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Wednesday, 13 October, 1999, 18:52 GMT 19:52 UK
Mentally ill subjected to abuse
Black school children
Will racial discrimination influence these children's mental health?
Three quarters of mental health workers say their patients have been verbally abused and a third have been physically assaulted, surveys have found.

Mental Health
Two surveys for the Health Education Authority (HEA) show that many mental health patients have suffered discrimination and almost all mental health workers believe it plays a role in mental illness.

The surveys are part of a campaign for World Mental Health Day on 10 October - the first to make a direct link between mental health and discrimination.

Health workers said two-thirds of their patients had been discriminated against because of their race and a third because of their medical history.

Ageism and homophobia also affected mental health, the psychiatrists, community psychiatric nurses and primary care specialists said.

Two-thirds of mental health workers said their patients had suffered discrimination in the workplace or trying to find work.

More than half had been discriminated against by health workers and a third had encountered problems when trying to find a place to live.


Health workers felt discrimination worsened mental health.

Gay men
Gay and bisexual men are 13 times more likely to attempt suicide
They said it lowered self-esteem, increased their patients' feelings of social isolation and caused depression.

Around half said it led their patients to misuse drugs or alcohol and caused suicidal feelings.

For most patients counselling was effective in dealing with their illness and 60% said voluntary or self-help groups had helped them.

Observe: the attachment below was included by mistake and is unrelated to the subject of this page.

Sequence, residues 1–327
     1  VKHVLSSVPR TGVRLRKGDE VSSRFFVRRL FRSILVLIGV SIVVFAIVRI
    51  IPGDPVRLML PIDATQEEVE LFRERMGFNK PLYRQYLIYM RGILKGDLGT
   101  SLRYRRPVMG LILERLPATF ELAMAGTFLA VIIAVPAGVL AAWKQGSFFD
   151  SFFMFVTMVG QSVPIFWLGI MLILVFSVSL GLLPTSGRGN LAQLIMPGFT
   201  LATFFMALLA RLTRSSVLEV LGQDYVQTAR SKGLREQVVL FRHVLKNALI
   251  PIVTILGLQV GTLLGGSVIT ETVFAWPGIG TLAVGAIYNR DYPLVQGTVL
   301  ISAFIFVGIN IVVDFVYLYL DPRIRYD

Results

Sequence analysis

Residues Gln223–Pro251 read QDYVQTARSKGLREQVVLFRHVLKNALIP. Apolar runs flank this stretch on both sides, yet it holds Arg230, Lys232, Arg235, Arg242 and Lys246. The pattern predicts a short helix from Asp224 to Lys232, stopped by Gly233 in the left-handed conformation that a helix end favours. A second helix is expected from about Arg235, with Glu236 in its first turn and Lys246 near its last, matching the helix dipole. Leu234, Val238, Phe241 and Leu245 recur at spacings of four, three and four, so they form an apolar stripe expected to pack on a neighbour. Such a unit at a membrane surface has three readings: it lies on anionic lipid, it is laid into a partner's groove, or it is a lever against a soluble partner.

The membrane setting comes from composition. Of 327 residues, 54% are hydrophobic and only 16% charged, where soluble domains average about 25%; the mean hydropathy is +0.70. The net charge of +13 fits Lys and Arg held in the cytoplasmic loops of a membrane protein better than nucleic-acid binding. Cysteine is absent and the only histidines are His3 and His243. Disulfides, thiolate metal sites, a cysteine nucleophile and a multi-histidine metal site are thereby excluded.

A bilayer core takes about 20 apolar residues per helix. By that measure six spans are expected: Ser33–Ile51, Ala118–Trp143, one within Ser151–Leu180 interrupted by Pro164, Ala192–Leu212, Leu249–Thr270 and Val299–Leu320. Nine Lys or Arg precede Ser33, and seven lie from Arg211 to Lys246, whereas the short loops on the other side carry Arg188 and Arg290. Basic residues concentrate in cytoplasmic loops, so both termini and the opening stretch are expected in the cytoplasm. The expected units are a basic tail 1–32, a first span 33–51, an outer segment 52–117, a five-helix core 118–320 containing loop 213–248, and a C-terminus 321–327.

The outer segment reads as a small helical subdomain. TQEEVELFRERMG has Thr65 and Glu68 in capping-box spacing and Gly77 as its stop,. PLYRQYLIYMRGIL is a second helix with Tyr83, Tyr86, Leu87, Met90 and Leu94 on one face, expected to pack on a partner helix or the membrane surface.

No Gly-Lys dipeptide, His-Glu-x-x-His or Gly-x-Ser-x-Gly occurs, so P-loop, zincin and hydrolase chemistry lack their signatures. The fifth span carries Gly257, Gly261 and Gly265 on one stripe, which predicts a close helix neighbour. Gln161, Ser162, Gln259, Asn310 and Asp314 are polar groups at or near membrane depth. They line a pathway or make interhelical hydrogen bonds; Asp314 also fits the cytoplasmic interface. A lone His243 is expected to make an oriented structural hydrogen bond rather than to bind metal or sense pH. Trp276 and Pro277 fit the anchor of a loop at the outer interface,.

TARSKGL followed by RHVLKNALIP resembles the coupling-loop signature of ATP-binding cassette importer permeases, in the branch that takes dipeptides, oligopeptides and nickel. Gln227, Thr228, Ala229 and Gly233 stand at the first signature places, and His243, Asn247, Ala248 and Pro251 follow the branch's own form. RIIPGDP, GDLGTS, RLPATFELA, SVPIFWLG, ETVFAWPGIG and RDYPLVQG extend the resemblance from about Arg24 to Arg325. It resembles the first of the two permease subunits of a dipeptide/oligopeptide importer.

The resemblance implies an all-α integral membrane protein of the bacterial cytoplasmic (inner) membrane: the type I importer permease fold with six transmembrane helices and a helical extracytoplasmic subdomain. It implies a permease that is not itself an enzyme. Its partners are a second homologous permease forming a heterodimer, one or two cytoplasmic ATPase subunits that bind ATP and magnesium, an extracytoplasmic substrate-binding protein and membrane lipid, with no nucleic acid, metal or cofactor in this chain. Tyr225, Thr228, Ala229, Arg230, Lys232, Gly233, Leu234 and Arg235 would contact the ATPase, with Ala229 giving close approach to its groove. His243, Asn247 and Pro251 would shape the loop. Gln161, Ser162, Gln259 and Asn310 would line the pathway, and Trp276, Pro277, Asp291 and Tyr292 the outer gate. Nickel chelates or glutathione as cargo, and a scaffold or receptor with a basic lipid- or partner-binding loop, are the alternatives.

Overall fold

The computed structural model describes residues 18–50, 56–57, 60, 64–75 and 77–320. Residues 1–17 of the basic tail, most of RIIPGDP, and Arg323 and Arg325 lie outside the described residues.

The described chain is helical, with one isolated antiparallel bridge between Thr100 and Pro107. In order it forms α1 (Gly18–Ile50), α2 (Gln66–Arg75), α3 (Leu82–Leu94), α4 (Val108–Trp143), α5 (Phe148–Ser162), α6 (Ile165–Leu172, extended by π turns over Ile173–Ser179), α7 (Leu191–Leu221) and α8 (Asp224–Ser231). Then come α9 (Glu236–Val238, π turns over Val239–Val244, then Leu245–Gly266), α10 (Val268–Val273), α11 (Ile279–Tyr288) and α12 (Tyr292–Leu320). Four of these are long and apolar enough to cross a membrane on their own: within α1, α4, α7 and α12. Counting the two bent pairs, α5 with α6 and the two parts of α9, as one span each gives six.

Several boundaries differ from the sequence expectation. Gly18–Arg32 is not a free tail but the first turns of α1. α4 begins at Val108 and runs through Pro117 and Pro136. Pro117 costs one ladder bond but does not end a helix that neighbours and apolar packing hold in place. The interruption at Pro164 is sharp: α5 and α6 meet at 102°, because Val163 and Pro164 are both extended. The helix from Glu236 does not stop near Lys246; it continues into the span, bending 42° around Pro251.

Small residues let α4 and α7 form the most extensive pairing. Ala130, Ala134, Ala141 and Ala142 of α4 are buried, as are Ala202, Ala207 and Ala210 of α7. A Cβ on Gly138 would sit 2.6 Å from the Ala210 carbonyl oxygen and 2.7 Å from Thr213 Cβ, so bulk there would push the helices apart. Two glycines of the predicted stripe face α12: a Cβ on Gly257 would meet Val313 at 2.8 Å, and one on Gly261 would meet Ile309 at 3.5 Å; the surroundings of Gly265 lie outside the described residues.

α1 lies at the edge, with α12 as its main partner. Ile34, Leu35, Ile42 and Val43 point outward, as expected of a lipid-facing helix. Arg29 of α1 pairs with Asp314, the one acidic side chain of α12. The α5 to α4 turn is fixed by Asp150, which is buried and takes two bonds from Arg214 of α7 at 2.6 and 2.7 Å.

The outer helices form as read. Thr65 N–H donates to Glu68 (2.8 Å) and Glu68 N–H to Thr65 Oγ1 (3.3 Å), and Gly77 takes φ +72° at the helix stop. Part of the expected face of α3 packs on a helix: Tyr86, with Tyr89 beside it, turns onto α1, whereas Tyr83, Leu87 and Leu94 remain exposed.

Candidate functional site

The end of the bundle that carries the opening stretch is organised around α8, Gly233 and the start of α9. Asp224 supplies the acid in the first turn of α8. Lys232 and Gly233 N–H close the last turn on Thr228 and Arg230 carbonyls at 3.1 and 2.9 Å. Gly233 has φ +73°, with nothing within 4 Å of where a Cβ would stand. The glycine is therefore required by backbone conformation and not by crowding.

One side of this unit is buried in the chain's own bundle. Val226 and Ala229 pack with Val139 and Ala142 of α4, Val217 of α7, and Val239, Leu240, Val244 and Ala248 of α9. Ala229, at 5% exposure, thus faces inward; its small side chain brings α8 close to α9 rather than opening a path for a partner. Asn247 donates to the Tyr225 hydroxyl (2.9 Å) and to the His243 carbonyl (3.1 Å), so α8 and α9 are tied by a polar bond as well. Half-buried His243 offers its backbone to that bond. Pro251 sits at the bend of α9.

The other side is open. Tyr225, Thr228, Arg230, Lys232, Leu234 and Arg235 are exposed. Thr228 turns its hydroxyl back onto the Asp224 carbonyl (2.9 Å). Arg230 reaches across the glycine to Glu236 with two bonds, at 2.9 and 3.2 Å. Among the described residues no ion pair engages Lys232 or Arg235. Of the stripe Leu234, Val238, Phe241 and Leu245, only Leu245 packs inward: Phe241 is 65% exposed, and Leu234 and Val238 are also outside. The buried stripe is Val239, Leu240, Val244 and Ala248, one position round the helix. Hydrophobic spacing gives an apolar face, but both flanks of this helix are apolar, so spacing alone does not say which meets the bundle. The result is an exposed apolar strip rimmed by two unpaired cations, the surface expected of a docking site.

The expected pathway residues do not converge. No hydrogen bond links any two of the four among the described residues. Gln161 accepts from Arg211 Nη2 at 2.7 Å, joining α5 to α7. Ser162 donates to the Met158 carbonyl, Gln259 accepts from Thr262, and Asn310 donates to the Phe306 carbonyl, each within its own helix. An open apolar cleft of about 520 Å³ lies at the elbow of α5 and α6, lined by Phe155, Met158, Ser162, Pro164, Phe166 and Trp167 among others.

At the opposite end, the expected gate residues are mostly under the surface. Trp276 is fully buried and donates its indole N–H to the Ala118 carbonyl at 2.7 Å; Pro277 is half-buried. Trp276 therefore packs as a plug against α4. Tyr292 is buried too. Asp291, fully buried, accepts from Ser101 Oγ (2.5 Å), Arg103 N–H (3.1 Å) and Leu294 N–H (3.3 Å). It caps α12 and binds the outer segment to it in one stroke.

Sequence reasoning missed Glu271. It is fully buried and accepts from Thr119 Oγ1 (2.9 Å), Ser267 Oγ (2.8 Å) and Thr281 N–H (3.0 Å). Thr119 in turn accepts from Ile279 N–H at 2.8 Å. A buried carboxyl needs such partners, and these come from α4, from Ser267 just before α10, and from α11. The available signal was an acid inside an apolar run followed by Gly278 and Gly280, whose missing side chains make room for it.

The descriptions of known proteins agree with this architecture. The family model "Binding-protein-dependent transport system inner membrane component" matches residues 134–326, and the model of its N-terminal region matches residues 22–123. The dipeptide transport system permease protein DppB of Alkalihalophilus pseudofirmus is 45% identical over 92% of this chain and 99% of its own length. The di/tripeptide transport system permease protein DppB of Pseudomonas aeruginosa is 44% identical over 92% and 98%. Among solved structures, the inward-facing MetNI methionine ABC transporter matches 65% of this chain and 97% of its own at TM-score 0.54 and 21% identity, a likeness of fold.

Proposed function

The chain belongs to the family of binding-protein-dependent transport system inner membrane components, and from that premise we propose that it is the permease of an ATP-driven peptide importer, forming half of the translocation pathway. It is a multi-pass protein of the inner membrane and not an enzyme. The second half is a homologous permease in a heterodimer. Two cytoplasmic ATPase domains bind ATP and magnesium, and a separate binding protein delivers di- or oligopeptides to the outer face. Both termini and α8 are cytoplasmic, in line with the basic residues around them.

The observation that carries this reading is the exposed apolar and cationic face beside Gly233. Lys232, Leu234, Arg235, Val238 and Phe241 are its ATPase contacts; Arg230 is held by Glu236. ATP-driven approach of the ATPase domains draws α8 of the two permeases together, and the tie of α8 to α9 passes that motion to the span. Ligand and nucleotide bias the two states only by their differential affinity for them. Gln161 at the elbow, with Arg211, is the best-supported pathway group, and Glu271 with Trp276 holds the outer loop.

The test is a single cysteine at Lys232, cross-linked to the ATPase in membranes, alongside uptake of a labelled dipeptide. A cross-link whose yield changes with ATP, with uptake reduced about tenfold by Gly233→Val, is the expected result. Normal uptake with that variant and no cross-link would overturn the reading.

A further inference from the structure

This compared with 48% who said their patients had found medicine useful.

Mental health workers want better public education about mental health and 13% think anti-discrimination laws need to be enforced more strictly.

Who is normal?

The World Mental Health Day campaign will be marked in more than 100 countries. In the UK, it will include a poster campaign, entitled Who is normal?, which is backed by the Commission for Racial Equality, Age Concern, Stonewall, mental health charities and celebrities like Anthea Turner.

The HEA says everyone should challenge discrimination wherever they encounter it.

It also wants employers to develop mental health policies to educate people about mental illness.

The authority says schools should introduce anti-bullying policies, including policies against harassment and abuse.

And the NHS and local authorities should ensure services are accessible to everyone in their community.


Around one in seven people suffers from mental illness in the UK. This includes as many as a quarter of all children.

Old people
Old people are more likely to suffer from depression than the young
The HEA says mental health problems cost the country around 31.1bn a year in NHS costs, suicide, carers and days off work.

A study by the Policy Studies Institute found that one in six people from ethnic minorities had experienced racial abuse at work.

Research shows gay and bisexual men are 13 times more likely to attempt suicide as heterosexual men.

Older people are 69% more likely to suffer from mild depression than the general population because of isolation and low self-esteem.

See also:

29 Jul 98 | Latest News
Government committed to community care
29 Jul 98 | Latest News
'Third way' for mental health
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